Introduce us to Cine Geração – how would you describe the project to someone who has never visited?
Cine Geração started during the pandemic and it has been growing ever since. It started during a period in which people didn’t have anywhere to go and most places were closed in Luanda. We then asked ourselves: how can we bring cinema to us and keep it alive? We realised that this could be done by simply inviting our co-workers and friends to watch films with us. The idea of using the backyard to showcase films was brought to life. Since then we have been screening Angolan and African films every Thursday.
Angolan film has always been closely tied to revolutionary politics and activism. How does the work you do at Cine Geração speak to this history of film as a political force?
What we do at Cine Geração challenges us to think about what we do as a cinema space and how we want to communicate cinema. We don’t just want to use films as a tool of entertainment but as a method of learning. Hosting screenings in our backyard for people to experience movies in an unconventional way while old cinemas have been abandoned, deteriorated and closed, is in itself an act of activism. This serves as a reminder and raises many questions regarding our government’s role, duties and responsibilities.
We have screened a good amount of films that highlight different social aspects that directly lead to politics. However, these films not only focus on that social aspect of the story, but they also centre the day-to-day characters we can all relate to. For us as well as for many people, Cine Geração is a platform that brings light to the work of independent filmmakers that showcase different types of films, since it would be difficult to access these films on public television.
Equally important for us are the conversations that we have after each screening session. Such discussions can be interpreted as a political force. It is where we get to share our ideas, to listen and to raise questions with regards to the context we operate in.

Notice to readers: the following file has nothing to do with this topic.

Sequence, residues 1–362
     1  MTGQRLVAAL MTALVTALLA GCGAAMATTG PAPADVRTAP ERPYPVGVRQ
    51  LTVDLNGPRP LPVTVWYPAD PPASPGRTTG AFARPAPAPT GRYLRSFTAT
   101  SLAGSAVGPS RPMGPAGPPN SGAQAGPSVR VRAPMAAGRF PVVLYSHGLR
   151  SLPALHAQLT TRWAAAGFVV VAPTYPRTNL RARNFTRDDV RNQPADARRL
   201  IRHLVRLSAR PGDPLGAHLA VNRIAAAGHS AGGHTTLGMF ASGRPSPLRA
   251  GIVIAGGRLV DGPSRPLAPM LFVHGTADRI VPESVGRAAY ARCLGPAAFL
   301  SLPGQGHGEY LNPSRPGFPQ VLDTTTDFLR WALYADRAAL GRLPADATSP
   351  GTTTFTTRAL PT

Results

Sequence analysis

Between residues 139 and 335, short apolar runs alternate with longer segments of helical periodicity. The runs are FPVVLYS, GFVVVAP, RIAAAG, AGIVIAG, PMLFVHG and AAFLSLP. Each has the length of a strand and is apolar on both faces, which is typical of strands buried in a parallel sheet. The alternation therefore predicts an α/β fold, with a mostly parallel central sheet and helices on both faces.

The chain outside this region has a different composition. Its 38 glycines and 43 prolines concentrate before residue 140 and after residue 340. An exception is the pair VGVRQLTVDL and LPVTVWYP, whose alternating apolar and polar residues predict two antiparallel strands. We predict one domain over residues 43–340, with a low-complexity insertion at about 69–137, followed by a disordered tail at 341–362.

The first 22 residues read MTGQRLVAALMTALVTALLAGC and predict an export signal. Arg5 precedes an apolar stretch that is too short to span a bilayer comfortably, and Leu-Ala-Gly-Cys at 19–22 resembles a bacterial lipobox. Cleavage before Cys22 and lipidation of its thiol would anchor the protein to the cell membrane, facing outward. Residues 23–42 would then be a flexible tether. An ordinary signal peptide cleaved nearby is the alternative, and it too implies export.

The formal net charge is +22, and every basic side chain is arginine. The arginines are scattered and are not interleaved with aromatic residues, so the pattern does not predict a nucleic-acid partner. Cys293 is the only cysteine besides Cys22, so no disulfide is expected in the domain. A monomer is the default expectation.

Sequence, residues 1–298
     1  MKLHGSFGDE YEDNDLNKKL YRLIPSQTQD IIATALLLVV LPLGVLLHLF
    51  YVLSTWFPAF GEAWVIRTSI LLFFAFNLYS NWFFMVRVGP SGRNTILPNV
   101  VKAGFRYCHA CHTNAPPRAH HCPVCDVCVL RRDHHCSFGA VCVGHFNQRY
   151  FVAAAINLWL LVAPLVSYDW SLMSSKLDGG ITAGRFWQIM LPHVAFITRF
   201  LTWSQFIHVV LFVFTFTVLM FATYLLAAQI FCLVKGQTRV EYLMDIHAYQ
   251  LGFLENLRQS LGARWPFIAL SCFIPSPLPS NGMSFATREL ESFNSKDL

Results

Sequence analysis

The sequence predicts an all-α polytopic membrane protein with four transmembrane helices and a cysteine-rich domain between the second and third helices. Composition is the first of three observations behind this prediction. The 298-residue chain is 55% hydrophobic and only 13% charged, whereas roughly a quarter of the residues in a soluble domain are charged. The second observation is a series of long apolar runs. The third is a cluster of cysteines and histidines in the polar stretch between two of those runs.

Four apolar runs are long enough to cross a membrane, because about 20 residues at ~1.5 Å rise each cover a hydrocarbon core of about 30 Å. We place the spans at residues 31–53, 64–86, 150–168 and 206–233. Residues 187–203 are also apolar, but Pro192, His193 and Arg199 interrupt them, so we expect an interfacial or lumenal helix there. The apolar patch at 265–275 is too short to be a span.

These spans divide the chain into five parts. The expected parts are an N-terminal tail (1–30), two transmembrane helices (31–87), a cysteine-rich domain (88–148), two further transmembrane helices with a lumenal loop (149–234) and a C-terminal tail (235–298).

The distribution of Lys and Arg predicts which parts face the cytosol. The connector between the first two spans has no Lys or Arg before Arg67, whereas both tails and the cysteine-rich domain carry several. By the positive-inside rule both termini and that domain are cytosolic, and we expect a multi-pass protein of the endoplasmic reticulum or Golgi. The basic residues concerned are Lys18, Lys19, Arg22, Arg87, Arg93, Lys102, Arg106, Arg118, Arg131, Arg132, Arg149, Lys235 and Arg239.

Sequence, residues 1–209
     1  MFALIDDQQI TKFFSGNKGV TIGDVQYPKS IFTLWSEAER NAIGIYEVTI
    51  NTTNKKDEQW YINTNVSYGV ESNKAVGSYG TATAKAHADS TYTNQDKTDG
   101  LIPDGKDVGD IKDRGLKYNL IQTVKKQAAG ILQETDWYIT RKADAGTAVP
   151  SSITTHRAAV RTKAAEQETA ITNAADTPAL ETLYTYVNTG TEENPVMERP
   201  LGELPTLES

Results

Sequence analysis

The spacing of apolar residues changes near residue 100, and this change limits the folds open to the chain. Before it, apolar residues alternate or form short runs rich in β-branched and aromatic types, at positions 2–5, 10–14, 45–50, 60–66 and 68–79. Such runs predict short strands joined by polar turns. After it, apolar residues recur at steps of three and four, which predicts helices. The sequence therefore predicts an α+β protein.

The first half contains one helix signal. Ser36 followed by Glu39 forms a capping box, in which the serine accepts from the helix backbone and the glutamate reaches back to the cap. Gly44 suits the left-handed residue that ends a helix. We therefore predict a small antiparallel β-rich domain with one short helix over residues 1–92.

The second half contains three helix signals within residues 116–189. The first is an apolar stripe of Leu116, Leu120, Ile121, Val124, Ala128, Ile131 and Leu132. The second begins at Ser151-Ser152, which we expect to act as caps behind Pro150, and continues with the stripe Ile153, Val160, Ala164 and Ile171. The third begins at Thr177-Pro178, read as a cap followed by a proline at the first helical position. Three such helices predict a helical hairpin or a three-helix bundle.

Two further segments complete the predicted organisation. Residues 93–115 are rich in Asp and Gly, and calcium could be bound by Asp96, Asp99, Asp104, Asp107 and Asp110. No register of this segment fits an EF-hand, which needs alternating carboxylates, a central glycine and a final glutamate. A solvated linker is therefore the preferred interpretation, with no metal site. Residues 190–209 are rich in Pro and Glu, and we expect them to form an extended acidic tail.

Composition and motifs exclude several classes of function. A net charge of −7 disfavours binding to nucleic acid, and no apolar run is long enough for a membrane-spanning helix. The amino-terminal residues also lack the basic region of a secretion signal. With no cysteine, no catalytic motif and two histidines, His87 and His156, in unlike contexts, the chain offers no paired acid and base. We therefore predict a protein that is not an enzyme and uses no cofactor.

Your programme is curated based on a monthly changing theme. How do you arrive at the themes each month? And can you give us an example of some of the themes you’ve used before that you thought were particularly effective?
Each month we select films based on a theme. Sometimes we choose a theme that has been inspired by our interactions with filmmakers and producers. In order to make the film selection more interesting, we also invite people to collaborate with us and co-shape the selection with us. This year we have explored various interesting themes, as we have screened many Angolan feature-length films as well as classical African films, celebrating the diversity and film heritage of Angolan and African cinema. We also did a programme on Angolan Women in Cinema in collaboration with filmmaker Renata Torres.
The films we screen at Cine Geração are exclusively made by African filmmakers, addressed to, or concerned with the motherland.
How, in your opinion, can viewing film communally create a space of solidarity and exchange?
Viewing film communally can create a space of solidarity and exchange by learning through our stories and humanising them. It is rare to watch African films in an African country, which makes it difficult to learn about our own film history and culture. Cine Geração has helped us all learn about our stories and most importantly about what is happening in African Cinema.
Mirian Vanda is a graduate from The Arts University Bournemouth with a BA in Architecture. She is particularly interested in exploring film as a way of understanding architecture and the role of architecture in shaping communities. She is currently based in Luanda, working as an assistant and film curator at Geração 80.